Elimination of racism is possible. Solutions range from extreme rhetoric regarding race war, segregation and reparation (black militancy leaders) to the more common demands made for money for programmes, power, privilege and position (by black leaders and academics). Social Justice Activists straddle the divide using extreme rhetoric to gain power and privilege.
Outcomes Movement Wanted/Wants
Legal changes required to ensure individual freedom and integration between different groups.
Restore dignity through self-help. Segregation – Blacks have own state or move back to Africa.
Claims made to improve the lot of the whole group but this is a ruse by individuals to gain power, privilege and position. More recently it has involved consolidating and maintaining these in institutions where it has been attained.
*Malcolm X did move to a more humanist stance at the end of his life and believed all humans could be united as Muslims.
So how did the moral leadership of MLK give way to that of that of the charlatans and hustlers we see in politics and academia?
It is only as individuals that we can seize freedom and opportunity. Yet a change in daily life cannot occur by the stroke of a pen alone. The poorly paid shop worker was one the day before and the day after the civil rights legislation was enacted. Freedom was thus experienced as a humiliation not liberation.
This, combined with the general revolutionary air of the 1960s in all manner of different societal areas, meant a loss of adult moral authority in general.
This vacuum of leadership and moral authority created an opportunity for the Marxist-leaning black activist type to seize the narrative. Those who built their careers and political power bases on the idea that black people are victims of racism neither examine, nor are able to examine, the reality of black America outside of the context of their ideological stance. They promoted a belief that racism exists in structures thus negating the need to prove it in terms of individual behaviours and actions.
When racist incidents do occur they can then be treated as a tip of the “globalised racism” iceberg rather than understood in their own right.
More racism than exists is always assumed because without this idea it would not be possible to maintain their positions at a time when incidents of racism were declining.
Their stock response to criticism or counter-arguments is to dismiss them as Black Conservative, Uncle Tom or “false consciousness” to avoid the debate.
How has such a one-sided analysis of black America been allowed to thrive? Well, it would not have been allowed to in the same way if it had not been for white guilt.
The Moral Cowardice of White Guilt:
The US admitting the moral wrong of racism in its system and passing civil rights legislation led to a loss of moral authority in whites and US institutions (which had been built up during the era of white supremacy).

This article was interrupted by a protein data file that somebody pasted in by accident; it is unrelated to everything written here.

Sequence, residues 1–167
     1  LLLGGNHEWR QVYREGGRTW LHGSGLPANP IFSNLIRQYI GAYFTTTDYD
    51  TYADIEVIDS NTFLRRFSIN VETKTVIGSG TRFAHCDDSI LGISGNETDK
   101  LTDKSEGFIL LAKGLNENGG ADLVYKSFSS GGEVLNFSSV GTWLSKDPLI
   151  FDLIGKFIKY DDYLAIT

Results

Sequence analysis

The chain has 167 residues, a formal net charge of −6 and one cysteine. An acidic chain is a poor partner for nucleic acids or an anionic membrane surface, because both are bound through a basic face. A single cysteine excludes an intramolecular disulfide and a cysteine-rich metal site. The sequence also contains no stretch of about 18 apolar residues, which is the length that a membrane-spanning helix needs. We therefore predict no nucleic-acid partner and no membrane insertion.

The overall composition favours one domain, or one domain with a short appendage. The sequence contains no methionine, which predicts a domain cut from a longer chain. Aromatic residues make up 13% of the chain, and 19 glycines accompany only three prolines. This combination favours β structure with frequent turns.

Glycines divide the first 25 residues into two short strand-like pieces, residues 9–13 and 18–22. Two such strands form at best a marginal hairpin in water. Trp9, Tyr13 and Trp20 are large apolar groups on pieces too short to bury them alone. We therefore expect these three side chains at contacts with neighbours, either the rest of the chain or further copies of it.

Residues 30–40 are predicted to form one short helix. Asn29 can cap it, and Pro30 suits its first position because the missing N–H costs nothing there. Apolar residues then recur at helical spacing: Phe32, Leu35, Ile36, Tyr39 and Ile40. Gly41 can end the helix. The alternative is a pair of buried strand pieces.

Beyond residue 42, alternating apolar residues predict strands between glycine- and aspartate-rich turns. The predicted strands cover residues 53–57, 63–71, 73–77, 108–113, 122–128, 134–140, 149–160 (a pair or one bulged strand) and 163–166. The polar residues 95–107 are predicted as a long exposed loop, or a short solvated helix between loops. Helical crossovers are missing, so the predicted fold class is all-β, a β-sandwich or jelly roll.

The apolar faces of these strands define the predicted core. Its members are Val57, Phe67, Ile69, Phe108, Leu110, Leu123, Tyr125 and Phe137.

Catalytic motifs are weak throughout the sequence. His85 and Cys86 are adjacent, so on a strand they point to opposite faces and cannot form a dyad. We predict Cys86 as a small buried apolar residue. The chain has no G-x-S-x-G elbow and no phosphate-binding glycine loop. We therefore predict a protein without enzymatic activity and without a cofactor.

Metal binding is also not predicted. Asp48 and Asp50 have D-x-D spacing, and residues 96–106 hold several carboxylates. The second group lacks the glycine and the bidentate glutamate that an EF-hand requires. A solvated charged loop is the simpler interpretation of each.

Guilt was understandable for that generation but instead of fidelity to the principles of the US constitution and institutions, a shift occurred in US society from white racism to white guilt – which he directly attributes to LBJ’s Howard University Speech.
This heralded not freedom for black Americans but redistributed responsibility for black advancement from black to white America.
Black militancy leaders stepped in and used this guilt as an opportunity to extract power from white institutions for themselves (without having to improve the lot of black people in general). Their version of black identity revolves around themes that most effectively manipulate whites.
White guilt, according to Steele worked (and works still) as a system of patronage as follows:
Whites no longer have the moral authority and can only gain it by taking responsibility for problems of black people.
This absolves black Americans of responsibility for their own advancement.
White guilt means a form of patronage where individuals as part of US institutions give into demands, even unreasonable ones, in order to disassociate themselves from the stigma of racism and to regain their moral authority (trying to disprove a negative default that they are racist).
The more responsibility whites take, the more moral authority they have, the less responsible black people are for their uplift.
In reality, all the benefits go to black leaders and academics who play this game which means that lower levels of racism at an individual or societal level would remove their source of power. Anyone who makes an argument for black self-advancement through agency rather than waiting for structures or society to change is seen as either a racist (if white) or labelled a black Conservative at best and an Uncle Tom at worst (if black).